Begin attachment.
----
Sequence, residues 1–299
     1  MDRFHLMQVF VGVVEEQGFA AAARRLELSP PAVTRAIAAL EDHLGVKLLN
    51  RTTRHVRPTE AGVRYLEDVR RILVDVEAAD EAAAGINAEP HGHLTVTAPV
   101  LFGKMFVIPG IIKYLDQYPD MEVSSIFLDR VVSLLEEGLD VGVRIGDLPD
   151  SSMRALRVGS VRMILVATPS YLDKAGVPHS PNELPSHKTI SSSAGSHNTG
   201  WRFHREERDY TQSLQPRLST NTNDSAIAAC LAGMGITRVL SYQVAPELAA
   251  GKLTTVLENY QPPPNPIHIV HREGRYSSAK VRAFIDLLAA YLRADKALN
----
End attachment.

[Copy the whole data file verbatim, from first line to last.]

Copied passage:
Sequence, residues 1–299
     1  MDRFHLMQVF VGVVEEQGFA AAARRLELSP PAVTRAIAAL EDHLGVKLLN
    51  RTTRHVRPTE AGVRYLEDVR RILVDVEAAD EAAAGINAEP HGHLTVTAPV
   101  LFGKMFVIPG IIKYLDQYPD MEVSSIFLDR VVSLLEEGLD VGVRIGDLPD
   151  SSMRALRVGS VRMILVATPS YLDKAGVPHS PNELPSHKTI SSSAGSHNTG
   201  WRFHREERDY TQSLQPRLST NTNDSAIAAC LAGMGITRVL SYQVAPELAA
   251  GKLTTVLENY QPPPNPIHIV HREGRYSSAK VRAFIDLLAA YLRADKALN